Even in this world of fast-moving cars and computers and careers, there are pockets of stillness where people find themselves in the gradual act of making.
The wool enters the studio in big hanks of fluff. Giant boxes contain fibers sheered from specifically-selected sheep breeds. It finds its way into the excited hands of students, where practiced hands caress the soft layers. Each student learns to comb and clean the wool into smooth rows, aligning fibers.
Seated at the spinning wheel, tea in hand and a basket of prepared fiber, the cozy group begins to turn their wool into yarn. They insert the tip of the wool through the orifice of the wheel and on to the bobbin, akin to threading a giant sewing machine. They pump with their foot pedals to spin the wheel, which transfers the spin into the fibers of the wool they feed. Deftly and rhythmically, they continue the dance until their bobbins are filled with yarn and their pile of fiber is depleted.
Now the naturally-toned yarn is wound into a loose skein, made ready to receive colour. The students bring all of their hard earned knowledge of colour harmony to bear. First, they learned the theory of colour in the Foundation Visual Arts program, then the science of dyes in the Textile Design Diploma itself – this is their third year at the New Brunswick College of Craft & Design. They dig out their self-assembled binder, filled with samples, dyed naturally. They select colours that will complement one another and meet their unique artistic needs.
On the stove, pots of aromatic liquids cook down. Contained within are the skins of onions, the flowers of marigold, and even a pot of strange insects. As the natural materials simmer, they release their powerful dyes to the water. Meanwhile, the yarn is dipped in a mordant solution, often alum, copper, or other metal, to improve absorption of the dye into the fiber. Strained, the liquor of plant matter is ready to accept the yarn. The outcome is uncertain – despite careful sampling, with natural dyes there is always some variation in outcome.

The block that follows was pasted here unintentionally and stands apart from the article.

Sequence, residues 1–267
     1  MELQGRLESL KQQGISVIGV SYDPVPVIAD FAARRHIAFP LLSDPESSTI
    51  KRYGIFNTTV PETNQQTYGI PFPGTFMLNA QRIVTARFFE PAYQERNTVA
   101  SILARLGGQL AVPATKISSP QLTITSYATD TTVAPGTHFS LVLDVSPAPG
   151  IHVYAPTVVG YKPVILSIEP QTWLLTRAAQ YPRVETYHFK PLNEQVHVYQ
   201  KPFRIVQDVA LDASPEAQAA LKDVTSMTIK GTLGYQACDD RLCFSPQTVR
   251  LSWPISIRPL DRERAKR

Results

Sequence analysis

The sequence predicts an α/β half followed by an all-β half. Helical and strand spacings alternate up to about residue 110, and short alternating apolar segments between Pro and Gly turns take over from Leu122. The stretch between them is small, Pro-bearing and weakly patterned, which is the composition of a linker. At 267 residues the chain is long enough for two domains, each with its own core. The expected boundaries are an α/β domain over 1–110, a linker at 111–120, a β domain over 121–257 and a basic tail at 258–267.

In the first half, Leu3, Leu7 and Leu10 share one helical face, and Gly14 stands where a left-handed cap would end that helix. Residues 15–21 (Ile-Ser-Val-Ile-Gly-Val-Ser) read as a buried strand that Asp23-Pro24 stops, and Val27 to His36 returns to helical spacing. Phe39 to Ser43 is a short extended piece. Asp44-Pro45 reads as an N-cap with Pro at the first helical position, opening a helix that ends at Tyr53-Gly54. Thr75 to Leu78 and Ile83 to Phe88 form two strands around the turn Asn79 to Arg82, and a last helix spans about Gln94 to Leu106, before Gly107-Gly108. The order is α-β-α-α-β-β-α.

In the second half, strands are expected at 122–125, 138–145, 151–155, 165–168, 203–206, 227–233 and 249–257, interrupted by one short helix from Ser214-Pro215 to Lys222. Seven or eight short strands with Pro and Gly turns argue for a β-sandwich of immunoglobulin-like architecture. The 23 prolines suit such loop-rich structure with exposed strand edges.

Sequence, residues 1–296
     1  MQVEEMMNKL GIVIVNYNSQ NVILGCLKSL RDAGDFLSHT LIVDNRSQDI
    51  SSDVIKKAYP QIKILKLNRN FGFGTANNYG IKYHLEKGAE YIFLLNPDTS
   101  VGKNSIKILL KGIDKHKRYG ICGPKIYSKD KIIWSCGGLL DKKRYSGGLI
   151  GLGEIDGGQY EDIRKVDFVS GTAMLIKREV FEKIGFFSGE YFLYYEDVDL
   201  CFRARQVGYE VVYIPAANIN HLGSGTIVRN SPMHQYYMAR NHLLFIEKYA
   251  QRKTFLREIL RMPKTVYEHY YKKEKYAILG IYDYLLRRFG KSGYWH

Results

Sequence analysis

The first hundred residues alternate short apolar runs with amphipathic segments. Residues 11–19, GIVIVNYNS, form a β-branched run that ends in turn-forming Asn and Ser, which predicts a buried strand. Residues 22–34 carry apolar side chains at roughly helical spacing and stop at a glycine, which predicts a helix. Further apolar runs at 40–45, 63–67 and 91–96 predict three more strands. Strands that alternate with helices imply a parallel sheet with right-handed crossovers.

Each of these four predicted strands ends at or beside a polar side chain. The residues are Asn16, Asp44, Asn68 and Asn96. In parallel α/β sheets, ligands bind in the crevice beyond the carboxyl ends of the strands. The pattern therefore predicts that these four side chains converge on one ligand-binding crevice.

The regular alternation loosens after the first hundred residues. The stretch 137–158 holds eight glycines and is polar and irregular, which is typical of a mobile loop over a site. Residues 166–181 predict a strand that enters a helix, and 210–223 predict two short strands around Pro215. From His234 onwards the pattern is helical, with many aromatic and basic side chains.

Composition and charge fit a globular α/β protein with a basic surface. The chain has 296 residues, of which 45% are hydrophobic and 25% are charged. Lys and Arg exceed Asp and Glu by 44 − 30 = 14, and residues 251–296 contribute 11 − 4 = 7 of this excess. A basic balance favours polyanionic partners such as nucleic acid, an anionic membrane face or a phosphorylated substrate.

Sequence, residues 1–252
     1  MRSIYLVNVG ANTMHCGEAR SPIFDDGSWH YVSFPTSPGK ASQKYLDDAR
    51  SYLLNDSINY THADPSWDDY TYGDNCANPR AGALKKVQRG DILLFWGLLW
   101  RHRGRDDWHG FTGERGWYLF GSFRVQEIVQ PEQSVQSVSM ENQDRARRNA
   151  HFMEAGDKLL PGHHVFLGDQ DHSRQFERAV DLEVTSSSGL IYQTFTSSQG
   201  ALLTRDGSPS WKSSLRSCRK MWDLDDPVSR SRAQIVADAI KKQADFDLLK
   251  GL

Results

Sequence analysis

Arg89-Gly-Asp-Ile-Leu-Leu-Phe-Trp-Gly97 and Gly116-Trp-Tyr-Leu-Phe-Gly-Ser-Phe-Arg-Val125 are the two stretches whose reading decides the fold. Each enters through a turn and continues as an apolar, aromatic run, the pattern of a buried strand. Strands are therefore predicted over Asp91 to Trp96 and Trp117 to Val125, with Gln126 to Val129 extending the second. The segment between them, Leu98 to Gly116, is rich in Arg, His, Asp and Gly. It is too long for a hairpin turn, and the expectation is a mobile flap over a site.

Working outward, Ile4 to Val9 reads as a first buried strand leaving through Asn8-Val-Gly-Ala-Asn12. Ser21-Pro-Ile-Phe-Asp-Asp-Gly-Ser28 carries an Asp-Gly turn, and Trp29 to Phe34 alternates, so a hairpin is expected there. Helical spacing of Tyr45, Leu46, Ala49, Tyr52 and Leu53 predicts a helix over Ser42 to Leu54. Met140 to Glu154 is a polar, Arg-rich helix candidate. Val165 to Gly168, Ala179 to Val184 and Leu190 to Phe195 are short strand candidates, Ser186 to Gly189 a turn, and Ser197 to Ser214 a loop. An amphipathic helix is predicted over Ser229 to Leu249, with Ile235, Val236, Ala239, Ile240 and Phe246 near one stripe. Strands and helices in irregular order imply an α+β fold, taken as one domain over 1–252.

The following morning, the students of Textile Design retrieve their waiting skein. Decadent colours emerge in greens and yellows and browns. They prepare their completed yarns for the waiting loom.
Threaded through umpteen tiny eyes like those on a needle, from back to front, the warp, or vertical threads, are given to the loom. When all the yarn is wound on the back beam and evenly tensioned, the loom is ready for the act of weaving. Each thread is precisely placed to dictate the pattern of the cloth. With each press of a foot pedal, certain threads are raised while others remain grounded. A shuttle, like a smooth wooden boat, is passed along between the rows of up and down threads, bearing yarn as it goes. Each row of yarn is one pass of the shuttle.
Again, like a dancer, the weaver presses the foot pedals in sequence, to create complex variations in the pattern of the new cloth. The pattern executed has been designed by the student, developed by marking out graphed versions on paper or with the help of a computer program, and then intensive woven sampling. The cloth that blooms from the reed and wraps around the front beam is original in every sense of the word.
Complete, after so many passes of the shuttle and so many bobbins of handspun yarn, the woven creation is released from the loom, cut and finished, and loose ends sewn in. No longer under tension, it becomes softer, more elastic, and drapes like new skin in the hands of the maker. Those hands, also softened by effort, gently clean their woven cloth like a loving parent.
The blanket, so many days of effort, so many months of practice, so many years of learning, so many decades of experience in their mentors before them – is complete. Hanging brilliantly in the gallery, it catches the eye of its intended owner. Functional art has an appeal that crosses barriers, to find homes both modest and ornate. These hands of the buyer caress the cloth, perhaps imagining the skill of the maker, the blooming of the dye plants, the growth of the sheep for its fiber. They take in the value of textile, this supreme spinning of straw into gold, which began as nothing but disparate bits, and, much later, became something of utter beauty and substance.
The creation of cloth.
Words by Allison Green, Photos by Bang-On Photography.
Pictured: (from top) Melissa McMichael dressing loom, Natural Dyes, Eliza Claire Casey & Tina Sharapova in dye kitchen,
Hand-dyed yarn by Erin Colwell (Oh Sassafras), Melissa McMichael dressing loom, Emily Blair weaving on CAD loom,
Eliza Claire Casey feet on treddles, Melissa McMichael with completed weaving, Shawl by Emily Blair worn by Danika Vautour.